This is why St. Francis celebrated Christmas one year by setting up a living Christmas crib in the town of Greccio. It’s also why he constantly meditated on the passion of Christ. These were the two moments when Jesus was most clearly seen as human. Every time Francis meditated on these mysteries, he fell more deeply in love with the Lord. His followers have kept this tradition alive. To this day, Franciscans still venerate these two moments by fostering devotion to the Christmas crib and the Stations of the Cross.

For his part, Anthony was a true son of St. Francis. He never tired of preaching about Jesus coming in the flesh—a message that was especially important for the people of his day. At that time, a heresy had arisen in Italy and France, which rejected the goodness of the material world. Called Albigensianism, it was really just a rehashing of an older heresy called Manicheism. These heresies held that there were two forces in the universe, one good and the other evil. That which was spiritual was good and pure, while that which was material and bodily was evil and corrupt.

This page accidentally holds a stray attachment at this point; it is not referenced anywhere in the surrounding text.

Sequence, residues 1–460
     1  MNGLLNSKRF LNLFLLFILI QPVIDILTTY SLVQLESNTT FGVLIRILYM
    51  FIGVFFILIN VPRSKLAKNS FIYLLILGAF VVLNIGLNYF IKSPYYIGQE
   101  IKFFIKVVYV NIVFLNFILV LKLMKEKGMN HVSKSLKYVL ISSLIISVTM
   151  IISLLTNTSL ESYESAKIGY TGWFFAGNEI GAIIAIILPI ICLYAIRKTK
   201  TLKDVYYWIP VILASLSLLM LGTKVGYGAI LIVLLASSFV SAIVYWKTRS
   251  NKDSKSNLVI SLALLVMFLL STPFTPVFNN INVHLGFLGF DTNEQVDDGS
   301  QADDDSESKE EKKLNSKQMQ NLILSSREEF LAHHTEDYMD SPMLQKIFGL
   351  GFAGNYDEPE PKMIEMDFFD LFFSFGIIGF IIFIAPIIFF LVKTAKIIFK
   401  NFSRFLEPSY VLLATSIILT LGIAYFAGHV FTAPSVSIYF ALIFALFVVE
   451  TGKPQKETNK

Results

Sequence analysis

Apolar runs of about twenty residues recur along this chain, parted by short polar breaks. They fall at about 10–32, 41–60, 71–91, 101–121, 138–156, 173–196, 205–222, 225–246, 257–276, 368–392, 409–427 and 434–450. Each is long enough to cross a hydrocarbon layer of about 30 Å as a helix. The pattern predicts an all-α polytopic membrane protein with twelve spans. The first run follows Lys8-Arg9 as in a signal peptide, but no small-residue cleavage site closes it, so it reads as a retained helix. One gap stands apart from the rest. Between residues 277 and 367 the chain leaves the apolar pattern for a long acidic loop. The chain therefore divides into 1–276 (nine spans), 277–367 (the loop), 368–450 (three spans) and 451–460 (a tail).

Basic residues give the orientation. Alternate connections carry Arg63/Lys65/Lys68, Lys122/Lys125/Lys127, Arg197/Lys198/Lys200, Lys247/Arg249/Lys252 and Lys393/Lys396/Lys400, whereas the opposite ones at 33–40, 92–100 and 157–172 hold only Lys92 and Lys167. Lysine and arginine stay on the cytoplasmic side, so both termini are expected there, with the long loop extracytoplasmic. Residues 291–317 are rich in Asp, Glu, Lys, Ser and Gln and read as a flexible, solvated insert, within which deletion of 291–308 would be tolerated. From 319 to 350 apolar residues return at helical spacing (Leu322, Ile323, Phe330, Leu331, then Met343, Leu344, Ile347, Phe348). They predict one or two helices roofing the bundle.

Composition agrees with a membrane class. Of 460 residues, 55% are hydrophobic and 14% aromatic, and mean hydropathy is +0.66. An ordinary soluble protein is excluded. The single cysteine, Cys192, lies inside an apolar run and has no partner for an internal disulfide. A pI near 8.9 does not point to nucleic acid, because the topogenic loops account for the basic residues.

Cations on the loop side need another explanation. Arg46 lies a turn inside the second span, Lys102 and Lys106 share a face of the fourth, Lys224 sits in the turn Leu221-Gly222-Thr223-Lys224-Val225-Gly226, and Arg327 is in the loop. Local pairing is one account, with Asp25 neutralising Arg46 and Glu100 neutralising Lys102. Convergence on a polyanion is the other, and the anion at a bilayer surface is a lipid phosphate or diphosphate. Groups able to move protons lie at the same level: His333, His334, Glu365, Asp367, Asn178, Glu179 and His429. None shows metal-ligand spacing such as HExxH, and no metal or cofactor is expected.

This is not what Christians believe. When God created the universe, he stated over and over again that “it is good, it is good, it is very good.” The world and all that it contains is good because God created it that way.
Now there is no question that because of sin, things have become rather distorted. Food, the body, and other “good” things can lead us away from God. They are good in themselves, but we have been weakened by sin and are tempted to use them the wrong way.

The World Reveals God’s Goodness. Anthony proclaimed the goodness of creation in various ways whenever he preached by drawing many examples from nature. In one sermon, he explained: “A tree is made up of five things: roots, trunks, branches, leaves, and fruit. . . . A sound tree is a symbol of good will, which to be good, must also consist of five things: the roots of humility, the trunk of obedience, the branches of charity, the leaves of holy preaching, and the sweet fruit of heavenly contemplation.”

In another, more colorful analogy, Anthony compared the Blessed Mother to an elephant: As the elephant fears the smallest mouse, so also Mary, who is enormous in her virtue, fears the smallest sin! These examples show how Anthony appreciated how good the world is—far from being opposed to God and to everything that is spiritual, it actually helps us to understand God. The world is not opposed to God, it is a revelation of God’s goodness.